(Originally posted by Paul to Planet-IRL.com.)
More images from the proposed Dallara designs are coming forth. Below are additional images of all three designs. With the additional angles available, I’m starting to like design 2 more and more. (Crap — I think that means that Steph and I might be close to agreeing! One of us is going to have to change our opinion, now…)
In addition to the new images, Dallara has also released more details about the production and costs of the new proposed chassis. Yesterday, the Indy Racing League announced that any chassis selected would have to be built in the United States, preferably within the state of Indiana. Dallara has gone one step better and confirmed that a new Dallara chassis would be built in the United States and potentially in the city of Speedway, presumably giving a much-needed tax boost to that struggling community. How many direct jobs it would bring to the area is unknown at this time, but there are no doubt a lot of good engineers with racing experience to be found.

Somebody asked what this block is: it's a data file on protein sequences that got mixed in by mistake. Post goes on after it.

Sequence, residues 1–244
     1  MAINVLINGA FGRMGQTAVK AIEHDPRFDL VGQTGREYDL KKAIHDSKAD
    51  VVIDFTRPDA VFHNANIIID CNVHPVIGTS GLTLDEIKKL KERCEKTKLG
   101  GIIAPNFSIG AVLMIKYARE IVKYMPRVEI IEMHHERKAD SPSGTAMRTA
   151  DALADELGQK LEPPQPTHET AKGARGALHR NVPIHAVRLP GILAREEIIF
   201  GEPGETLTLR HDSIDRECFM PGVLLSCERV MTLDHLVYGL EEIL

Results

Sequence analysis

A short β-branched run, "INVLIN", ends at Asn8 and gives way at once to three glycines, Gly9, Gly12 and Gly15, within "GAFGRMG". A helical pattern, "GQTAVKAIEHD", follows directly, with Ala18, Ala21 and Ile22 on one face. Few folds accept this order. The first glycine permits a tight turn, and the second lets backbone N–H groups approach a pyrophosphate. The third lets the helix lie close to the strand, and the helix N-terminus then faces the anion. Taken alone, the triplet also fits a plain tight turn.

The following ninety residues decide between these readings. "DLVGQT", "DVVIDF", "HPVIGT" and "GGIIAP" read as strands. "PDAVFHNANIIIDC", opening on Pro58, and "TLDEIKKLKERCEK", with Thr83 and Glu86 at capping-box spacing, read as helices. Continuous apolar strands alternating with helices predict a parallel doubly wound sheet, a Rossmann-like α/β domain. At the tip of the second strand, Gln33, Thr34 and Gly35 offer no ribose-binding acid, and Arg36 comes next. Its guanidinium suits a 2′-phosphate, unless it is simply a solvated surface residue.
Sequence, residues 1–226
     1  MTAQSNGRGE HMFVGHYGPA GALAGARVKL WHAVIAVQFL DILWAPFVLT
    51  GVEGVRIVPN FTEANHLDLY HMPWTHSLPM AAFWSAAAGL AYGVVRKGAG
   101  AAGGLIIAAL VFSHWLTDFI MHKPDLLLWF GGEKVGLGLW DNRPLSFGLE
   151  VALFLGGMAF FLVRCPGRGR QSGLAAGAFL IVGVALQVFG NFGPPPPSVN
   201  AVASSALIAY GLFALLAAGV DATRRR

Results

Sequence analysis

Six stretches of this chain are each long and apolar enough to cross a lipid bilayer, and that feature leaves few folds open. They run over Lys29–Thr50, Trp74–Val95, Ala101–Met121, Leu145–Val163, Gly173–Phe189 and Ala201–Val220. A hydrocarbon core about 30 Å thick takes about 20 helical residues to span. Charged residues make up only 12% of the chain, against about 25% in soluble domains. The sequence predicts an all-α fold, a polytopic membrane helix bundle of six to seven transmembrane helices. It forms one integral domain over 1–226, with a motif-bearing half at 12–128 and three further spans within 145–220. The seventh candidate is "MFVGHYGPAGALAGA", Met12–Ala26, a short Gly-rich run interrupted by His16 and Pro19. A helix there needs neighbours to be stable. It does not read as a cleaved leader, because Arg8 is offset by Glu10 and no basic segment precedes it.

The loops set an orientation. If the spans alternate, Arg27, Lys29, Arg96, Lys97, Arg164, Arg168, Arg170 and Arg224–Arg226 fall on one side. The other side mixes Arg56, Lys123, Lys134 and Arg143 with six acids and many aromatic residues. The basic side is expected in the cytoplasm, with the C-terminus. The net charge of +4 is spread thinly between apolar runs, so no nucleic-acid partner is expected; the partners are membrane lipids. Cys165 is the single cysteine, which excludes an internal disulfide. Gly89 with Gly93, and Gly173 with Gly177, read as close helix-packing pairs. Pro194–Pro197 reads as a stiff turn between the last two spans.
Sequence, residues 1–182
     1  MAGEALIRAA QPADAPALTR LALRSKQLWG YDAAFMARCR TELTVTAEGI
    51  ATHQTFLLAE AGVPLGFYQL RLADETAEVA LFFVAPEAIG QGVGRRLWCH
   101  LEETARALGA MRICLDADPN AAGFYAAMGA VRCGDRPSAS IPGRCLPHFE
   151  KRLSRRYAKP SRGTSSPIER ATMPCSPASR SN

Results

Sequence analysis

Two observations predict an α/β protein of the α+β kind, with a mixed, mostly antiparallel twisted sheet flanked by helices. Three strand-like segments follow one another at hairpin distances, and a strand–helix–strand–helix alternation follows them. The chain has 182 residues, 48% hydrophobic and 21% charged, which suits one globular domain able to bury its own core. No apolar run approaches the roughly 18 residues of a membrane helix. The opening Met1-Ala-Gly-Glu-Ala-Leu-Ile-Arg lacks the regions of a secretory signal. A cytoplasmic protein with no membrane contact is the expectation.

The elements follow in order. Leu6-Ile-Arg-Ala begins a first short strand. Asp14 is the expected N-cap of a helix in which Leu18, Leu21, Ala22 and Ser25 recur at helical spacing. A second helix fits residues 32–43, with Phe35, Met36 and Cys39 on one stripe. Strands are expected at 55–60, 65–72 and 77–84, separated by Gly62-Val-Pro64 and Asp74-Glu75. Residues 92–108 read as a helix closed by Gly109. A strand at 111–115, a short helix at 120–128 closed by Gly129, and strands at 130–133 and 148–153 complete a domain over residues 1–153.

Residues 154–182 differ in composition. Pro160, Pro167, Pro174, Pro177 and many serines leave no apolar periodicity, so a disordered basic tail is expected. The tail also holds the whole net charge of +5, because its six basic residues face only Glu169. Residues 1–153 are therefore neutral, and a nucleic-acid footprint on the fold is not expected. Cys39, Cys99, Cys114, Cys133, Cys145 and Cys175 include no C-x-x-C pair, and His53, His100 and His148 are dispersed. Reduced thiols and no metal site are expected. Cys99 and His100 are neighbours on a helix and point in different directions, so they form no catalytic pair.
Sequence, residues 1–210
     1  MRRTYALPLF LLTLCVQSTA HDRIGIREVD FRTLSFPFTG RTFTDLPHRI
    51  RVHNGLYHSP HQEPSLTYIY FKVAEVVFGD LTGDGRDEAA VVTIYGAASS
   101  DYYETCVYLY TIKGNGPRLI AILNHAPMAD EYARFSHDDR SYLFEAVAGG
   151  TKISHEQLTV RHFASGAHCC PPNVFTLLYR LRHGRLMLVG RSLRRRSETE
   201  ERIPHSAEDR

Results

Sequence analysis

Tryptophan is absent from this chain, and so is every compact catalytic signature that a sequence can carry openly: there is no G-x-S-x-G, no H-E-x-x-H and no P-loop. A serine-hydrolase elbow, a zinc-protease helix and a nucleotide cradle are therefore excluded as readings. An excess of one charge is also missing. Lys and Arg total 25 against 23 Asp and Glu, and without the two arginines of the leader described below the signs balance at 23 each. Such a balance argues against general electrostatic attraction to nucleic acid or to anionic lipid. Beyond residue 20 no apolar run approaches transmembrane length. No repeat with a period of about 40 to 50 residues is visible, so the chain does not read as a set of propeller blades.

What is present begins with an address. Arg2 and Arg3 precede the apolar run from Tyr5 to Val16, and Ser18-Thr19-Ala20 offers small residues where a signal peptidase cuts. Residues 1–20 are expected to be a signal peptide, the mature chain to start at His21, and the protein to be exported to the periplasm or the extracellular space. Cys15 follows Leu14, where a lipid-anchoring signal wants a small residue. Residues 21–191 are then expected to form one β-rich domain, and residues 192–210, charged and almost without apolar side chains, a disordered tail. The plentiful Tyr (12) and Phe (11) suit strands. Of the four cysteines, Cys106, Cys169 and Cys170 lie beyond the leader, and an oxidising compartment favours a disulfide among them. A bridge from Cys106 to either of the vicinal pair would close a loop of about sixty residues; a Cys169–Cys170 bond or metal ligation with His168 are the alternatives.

Of more direct concern for the teams are some of the other items put forth in Dallara’s announcement. The costs of the new chassis is expected to be reduced by 45%, and given that it will be American-made, the purchase price of the chassis and spare parts will no longer be subject to fluctuations in the US dollar. Being Indianapolis-based also means that parts should be more readily available as most teams will only have a 10-15 minute drive to the point of manufacture.
Aside from the price reductions, Dallara also claims this model will be a “much lighter, more efficient car with less drag and more downforce.” Now, the current model IZOD IndyCar Series car has never been known for its lack of downforce, so putting more downforce in the car seems like a peculiar tactic, especially as Dallara claims the need for a less-powerful engine. From a safety standpoint, Dallara says the new cars have “been improved with increased resistance to frontal lift and improved yaw stability. Improved raceability also has been addressed in the design with less sensitive aerodynamics in traffic for better overtaking and the reduced incidence of wheel-to-wheel contact.” Hopefully this means we won’t see the blow-over issues that we had with the current-model Dallara in 2003 and 2004. (To be fair, there have been significantly fewer blow-over accidents since the introduction of the vertical “spine” wicker in 2005 and other modifications mandated by the IRL in 2004 and 2005.)
We eagerly await more information on 2012 concept cars in the coming days. Of course, we know that DeltaWing is presenting their car next week at the Chicago Auto Show, and reports are coming from Swift that they will also unveil their design for the next-generation IZOD IndyCar Series car at some point next week.
Dallara Concept 1
Dallara Concept 2
Dallara Concept 3